of the Communipaw settlement during the middle of the 19th Century
View looking west from Communipaw (or South) Cove (now Liberty State Park)
Courtesy, M. Waldron-Ascolese
of the 1855 Woods Map of Jersey City, Bergen, and Hoboken showing the
location of the Communipaw village along waterfront near Phillip Street
and Communipaw Avenue.
Courtesy, Jersey City Free Public Library
The settlement of
New Netherland by the Dutch
West India Company (1621-1664) on the western side of the Hudson River
contributed several locations and place names that would become part of
present-day Jersey City. They are Pavonia, Communipaw,
Hook and Bergen.
The Dutch built a house at Communipaw in 1633, one of the first two in the vast area under the control of the Dutch West India Company. The house was occupied by Jan Evertse Bout, also known as Jan de Lacher, who gave the area the name of "Jan de Lacher's Hoeck" at Communipaw Bay in 1634. This became South Cove, in the present day Lafayette section at Phillips Street. Bout was the second of three superintendents that Patroon Michael Pauw appointed to oversee his extensive land claim.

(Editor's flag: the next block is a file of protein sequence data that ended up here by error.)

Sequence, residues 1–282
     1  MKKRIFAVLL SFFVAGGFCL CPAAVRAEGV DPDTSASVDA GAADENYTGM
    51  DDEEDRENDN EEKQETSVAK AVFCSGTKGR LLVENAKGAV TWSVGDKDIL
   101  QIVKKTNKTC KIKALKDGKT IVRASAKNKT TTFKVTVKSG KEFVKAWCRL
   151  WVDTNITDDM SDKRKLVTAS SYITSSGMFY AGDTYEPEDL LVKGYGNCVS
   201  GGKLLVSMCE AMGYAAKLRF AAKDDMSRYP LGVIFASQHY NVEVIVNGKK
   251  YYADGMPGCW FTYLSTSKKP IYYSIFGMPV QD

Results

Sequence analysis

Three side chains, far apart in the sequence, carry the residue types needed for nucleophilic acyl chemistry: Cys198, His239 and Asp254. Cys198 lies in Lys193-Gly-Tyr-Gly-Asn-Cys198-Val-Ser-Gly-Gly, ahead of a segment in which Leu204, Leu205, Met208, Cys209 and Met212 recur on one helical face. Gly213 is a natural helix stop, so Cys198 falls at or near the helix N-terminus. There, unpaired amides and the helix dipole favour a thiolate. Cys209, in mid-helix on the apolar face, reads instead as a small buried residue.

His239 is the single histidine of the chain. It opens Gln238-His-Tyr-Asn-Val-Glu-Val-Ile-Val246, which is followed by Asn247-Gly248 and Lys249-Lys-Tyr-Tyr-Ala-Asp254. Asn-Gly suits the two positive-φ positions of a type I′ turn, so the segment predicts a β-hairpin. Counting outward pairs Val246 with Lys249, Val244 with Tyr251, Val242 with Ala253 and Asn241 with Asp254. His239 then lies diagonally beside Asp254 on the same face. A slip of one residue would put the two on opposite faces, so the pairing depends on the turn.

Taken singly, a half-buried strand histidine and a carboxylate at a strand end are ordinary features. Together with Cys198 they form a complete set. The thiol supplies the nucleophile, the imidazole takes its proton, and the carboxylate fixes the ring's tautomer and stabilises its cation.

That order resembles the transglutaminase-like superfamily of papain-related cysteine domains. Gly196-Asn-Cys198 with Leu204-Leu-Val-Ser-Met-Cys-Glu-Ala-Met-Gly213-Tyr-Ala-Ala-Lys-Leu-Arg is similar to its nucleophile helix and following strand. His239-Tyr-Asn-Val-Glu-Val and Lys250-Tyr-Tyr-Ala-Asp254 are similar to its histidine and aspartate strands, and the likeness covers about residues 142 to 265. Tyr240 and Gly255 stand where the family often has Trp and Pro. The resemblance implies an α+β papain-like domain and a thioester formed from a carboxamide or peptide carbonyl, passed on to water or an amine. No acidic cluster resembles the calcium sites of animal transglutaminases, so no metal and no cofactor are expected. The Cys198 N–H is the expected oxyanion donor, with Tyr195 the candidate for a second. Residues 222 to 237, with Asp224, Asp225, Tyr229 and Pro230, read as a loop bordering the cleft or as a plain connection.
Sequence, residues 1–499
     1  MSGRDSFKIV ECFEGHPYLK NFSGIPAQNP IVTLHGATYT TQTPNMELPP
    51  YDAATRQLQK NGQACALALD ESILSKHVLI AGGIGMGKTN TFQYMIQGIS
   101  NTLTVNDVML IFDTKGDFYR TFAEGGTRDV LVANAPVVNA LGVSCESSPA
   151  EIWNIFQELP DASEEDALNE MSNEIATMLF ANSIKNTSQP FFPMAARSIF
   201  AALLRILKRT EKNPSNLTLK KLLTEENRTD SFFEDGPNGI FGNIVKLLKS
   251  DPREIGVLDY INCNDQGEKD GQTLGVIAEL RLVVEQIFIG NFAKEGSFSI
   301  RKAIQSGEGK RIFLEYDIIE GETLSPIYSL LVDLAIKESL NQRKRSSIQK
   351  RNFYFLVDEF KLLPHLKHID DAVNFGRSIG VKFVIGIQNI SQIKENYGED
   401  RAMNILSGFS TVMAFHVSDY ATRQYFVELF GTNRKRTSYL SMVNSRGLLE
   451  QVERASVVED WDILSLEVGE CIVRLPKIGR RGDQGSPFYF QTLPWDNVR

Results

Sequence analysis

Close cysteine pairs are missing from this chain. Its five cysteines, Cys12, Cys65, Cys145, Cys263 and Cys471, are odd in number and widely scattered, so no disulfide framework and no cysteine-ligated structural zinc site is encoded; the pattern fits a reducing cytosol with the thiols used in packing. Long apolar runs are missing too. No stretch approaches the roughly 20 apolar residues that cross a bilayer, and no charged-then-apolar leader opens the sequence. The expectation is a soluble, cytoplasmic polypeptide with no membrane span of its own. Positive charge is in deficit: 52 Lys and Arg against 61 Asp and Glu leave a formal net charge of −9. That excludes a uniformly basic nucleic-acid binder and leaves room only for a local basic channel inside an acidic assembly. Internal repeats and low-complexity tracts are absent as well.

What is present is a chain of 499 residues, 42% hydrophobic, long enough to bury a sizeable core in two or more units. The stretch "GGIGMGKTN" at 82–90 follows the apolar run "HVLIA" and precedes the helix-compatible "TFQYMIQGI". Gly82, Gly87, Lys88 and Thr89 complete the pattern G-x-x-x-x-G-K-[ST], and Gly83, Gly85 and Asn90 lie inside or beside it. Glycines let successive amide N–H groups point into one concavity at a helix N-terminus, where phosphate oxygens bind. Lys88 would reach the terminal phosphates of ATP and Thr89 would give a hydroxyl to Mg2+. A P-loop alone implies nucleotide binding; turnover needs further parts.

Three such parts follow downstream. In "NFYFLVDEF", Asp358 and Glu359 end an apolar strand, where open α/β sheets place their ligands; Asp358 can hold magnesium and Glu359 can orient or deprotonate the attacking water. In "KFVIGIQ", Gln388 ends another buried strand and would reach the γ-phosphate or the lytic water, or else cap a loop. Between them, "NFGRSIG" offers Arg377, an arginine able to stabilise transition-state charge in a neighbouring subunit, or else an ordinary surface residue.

Over time the Dutch
built houses on what was the shoreline that runs along present day Phillips
Street. A ferry service ran between Communipaw and New Amsterdam.
During the nineteenth century, the earlier shore line of Communipaw was extended a mile into New York Bay with land fill. The New York Bay inlet known as Communipaw Bay or South Cove was later filled in by the Central Railroad of New Jersey.
| By: Carmela Karnoutsos
Project Administrator: Patrick Shalhoub